Annoyingly, Jo Walton’s Lent is another one of these books where even talking about the shape of the story is a huge spoiler (don’t read the cover copy on Amazon, because it blithely spoils major revelations), so let’s see what I can say about it.
I can definitely say that it’s a sort of biography of Savonarola—you know, the Renaissance “bonfire of the vanities” guy?—except that it appears to be one in which Christian mythology is real, and things like demons really do exist.
Taken straight up as a biography and as a portrait of Renaissance Florence, it’s enjoyable, and if your knowledge of Savonarola is as shallow as mine (which, playing the odds, is likely), it’s a useful recasting of his character. But I think I can safely say that it’s not just a straight biography, either, and that there more of a story than just a straight retelling of Savonarola’s life; the unspooling of that story was fascinating, because I like the subgenre that it turned into, but I found the ultimate resolution a little under-motivated and sudden.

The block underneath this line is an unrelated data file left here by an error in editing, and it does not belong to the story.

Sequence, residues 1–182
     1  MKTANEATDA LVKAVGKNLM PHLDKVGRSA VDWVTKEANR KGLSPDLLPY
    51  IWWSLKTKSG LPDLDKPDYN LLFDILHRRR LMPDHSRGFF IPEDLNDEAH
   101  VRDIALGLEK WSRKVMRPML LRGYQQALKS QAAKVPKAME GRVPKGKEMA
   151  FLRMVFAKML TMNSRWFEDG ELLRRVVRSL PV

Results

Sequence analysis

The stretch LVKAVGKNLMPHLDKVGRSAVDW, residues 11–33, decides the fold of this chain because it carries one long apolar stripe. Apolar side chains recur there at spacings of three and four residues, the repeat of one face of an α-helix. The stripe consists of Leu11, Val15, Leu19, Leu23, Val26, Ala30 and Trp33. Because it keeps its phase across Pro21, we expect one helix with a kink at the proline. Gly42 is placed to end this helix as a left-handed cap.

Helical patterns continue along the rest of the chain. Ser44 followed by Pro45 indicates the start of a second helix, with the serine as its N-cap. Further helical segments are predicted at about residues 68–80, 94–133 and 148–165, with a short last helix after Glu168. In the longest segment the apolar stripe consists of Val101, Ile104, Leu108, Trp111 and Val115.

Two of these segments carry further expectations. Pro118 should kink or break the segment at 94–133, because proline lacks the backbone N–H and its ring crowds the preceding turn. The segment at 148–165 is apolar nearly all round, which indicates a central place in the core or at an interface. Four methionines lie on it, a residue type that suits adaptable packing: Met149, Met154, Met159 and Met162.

(As a random note, I was for a bit convinced that this was set in the same universe as Walton’s Just City books, because Pico della Mirandola and Marsilio Ficino are both characters in it, and they’re both so prominent in those other books. But I guess it’s just one of those things where if you’re going hard into Florentine Renaissance humanists, these guys are going to be prominent.)
Overall, I think this is one of Walton’s weaker books—it doesn’t have the punch of Farthing, the wild inventiveness of the Just City books, or the just-right reworking of Tooth and Claw—but it’s still good, and certainly recommended to anyone interested in Renaissance Florence.